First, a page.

President Trump, Build That Wall!

I love the Wall Street Journal, except when it covers issues related to immigration. On this topic, the Journal is myopic, toeing the line pushed by the "mainstream media" that controlling immigration is wrong.

There are economic arguments for immigration and we allow immigration now. What Trump and his supporters are against are illegal or unvetted immigrants, and what they are for is following the law.

Tax loopholes defended

President Trump and Congress have enacted sweeping reforms to our tax laws, some of which will take years before the full impact will be felt. Not allowing full deductions for state and local taxes will be a big change, for example. And while the deductions have been simplified for most filers (with higher standard deductions doing that trick), those that pay the most taxes (the rich) will continue to look for ways to save money. This is human nature at work.

The term "loopholes" has become toxic.

Interest rates and inflation

I have written several times about our crazy monetary policies and how perpetual deficit spending is not wise.

Today's Wall Street Journal reports an uptick in inflation, most likely a sign that the economy is picking up, the money in circulation is starting to bid up prices, and thus people have to pay more to buy the things they want.

It has been crazy that with the printing presses running 24/7 over the past eight years and longer, we haven't seen inflation taking off.

Ambush game

By all accounts, Alabama is a deeply Republican state that elects few Democrats, until last Tuesday, that is. The Democrat beat Republican candidate Roy Moore by just 1.5 percent, a close race despite stories of Moore allegedly trying to pick up girls under 17 at the mall. His trolling allegedly occurred about 40 years ago when he was in his '30s.

Republicans never considered Moore to be a traditional Republican.


I've always loved money. As a kid, I was a coin collector. Back before the mid-'60s, coins were typically composed of precious metals whose value was approximately the face value of the coin.

So if you were given a quarter made of silver, that was worth about twenty-five cents in silver. (Today, silver quarters are worth about $3.00).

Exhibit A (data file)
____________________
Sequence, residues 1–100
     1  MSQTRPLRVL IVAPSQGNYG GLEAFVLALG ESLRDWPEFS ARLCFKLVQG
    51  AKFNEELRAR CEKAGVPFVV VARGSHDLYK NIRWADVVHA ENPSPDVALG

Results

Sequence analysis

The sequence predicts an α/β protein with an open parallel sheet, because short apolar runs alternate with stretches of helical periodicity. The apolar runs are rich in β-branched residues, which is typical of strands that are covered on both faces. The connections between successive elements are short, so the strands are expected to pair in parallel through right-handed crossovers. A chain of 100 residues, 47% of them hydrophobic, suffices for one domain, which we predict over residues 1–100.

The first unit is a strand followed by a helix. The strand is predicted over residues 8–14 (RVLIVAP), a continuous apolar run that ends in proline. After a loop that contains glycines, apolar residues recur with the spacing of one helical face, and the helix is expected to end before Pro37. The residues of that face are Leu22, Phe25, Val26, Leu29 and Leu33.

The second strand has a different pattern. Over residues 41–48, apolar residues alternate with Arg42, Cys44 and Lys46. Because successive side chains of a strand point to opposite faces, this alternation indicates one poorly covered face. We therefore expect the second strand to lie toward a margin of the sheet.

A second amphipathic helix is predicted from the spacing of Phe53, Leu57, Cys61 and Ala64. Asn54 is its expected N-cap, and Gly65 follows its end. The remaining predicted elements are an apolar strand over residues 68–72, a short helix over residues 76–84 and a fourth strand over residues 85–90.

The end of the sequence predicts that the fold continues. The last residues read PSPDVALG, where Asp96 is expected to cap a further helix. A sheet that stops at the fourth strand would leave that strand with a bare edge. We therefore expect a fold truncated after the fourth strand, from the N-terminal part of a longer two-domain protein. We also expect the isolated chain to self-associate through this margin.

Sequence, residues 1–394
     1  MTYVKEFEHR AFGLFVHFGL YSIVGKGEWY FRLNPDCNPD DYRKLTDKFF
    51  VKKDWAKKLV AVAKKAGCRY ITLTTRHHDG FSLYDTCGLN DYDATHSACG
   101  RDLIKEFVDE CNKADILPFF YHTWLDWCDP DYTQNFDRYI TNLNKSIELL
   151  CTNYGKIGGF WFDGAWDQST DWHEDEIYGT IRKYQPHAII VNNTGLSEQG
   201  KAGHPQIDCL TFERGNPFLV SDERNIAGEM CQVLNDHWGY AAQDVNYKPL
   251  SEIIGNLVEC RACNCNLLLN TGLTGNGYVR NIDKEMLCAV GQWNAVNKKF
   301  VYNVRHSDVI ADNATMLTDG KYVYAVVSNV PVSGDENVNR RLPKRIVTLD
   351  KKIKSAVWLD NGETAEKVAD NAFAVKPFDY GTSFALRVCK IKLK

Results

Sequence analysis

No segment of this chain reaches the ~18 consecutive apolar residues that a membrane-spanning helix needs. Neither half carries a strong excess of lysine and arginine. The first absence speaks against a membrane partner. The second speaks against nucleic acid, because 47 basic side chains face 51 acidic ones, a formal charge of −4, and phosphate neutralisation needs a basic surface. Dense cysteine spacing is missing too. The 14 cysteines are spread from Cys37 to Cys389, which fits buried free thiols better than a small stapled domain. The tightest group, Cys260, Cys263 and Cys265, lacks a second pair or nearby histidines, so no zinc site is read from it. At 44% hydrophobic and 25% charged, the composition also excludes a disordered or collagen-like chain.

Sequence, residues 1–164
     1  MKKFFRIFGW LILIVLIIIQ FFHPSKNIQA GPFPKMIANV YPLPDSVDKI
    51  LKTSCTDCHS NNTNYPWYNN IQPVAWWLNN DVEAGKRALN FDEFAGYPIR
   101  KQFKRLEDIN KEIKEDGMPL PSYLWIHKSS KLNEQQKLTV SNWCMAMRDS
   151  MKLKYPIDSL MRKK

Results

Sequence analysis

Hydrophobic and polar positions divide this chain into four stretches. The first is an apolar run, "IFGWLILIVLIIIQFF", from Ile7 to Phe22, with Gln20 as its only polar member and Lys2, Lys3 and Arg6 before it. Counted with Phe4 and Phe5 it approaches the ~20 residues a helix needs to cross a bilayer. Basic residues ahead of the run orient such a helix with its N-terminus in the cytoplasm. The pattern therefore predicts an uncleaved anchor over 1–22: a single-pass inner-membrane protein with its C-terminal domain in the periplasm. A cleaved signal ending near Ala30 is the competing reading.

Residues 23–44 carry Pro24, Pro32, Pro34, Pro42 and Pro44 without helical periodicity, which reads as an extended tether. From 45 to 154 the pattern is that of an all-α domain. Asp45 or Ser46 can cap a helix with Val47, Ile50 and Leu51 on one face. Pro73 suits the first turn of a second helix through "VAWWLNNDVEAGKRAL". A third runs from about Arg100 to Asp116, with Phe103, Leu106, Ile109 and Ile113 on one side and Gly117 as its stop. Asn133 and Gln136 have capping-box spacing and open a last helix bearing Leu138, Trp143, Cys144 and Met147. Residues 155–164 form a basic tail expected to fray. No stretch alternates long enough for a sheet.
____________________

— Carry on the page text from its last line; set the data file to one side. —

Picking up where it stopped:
Dollar bills were made of paper, which had no intrinsic value. But the government would exchange a $1.00 bill for $1.00 worth of silver upon demand. Of course, you could always just go to the bank and ask for change too.

Ethical dilemmas

I attended the Special Town Meeting which saw an overflow crowd, made up by my estimate of about 60% parents who came to approve the school building project and 30% of voters who were against marijuana shops opening up in Acton. Because of the crowd and some technical glitches, the meeting started past 8:30 and as they were wrapping up the vote on the third article, I was heading home (past my bedtime) and it was close to 11.

Obama the oath-breaker

Every American is supposed to follow the U.S. Constitution. It is the law of the land. The Supreme Court does not decide whether the Constitution has been violated until it is asked to review a decision that has already been made, perhaps years prior. That is why the president must swear an oath to follow the Constitution. We need leaders who take that oath very seriously and never intentionally violate it.

Our delicate balance between our three branches of government relies on the oaths all these leaders take.

Mass. Supreme Judicial Court to hear church-state funding challenge

When you subsidize something, you tend to get more of it.

Massachusetts has a Constitutional prohibition against funding churches, yet many towns have used their Community Preservation Act (CPA) funds to financially support churches when doing things like building renovation. They have justified these expenditures by saying that the buildings themselves are historic, and their present use by private religious groups are not relevant. The money is following the building, not its current use.

So for years, this type of funding has been growing across the state.

School Committee's May 24th meeting in 47 seconds

In an amazing editing job, Acton Forum has created an incredible 47-second video clip which completely and totally summarized the May 24, 2017 AB Regional School Committee meeting.

This was the meeting held in the high school auditorium to answer questions from the public about Dr. Glenn Brand's abrupt resignation, and the reasons behind it. This video is just about all you need to know about the School Committee's response.

The clip boils down the entire meeting into one question and answer.

Free speech 101 and the AB School Committee's violation

A few days ago, some neo-Nazis and White Supremacists tried to hold a march in Charlottesville, VA, and were prevented from doing so on a pretext. The pretext was the concern over crowd control, but the real reason was to suppress their members' and supporters' free-speech rights. Americans must be allowed to speak freely, not only because it is in the Constitution, but also because it is the right thing to do.

Free speech makes democracy work. It ensures that when you vote, you have heard (if you cared to listen to) all available arguments.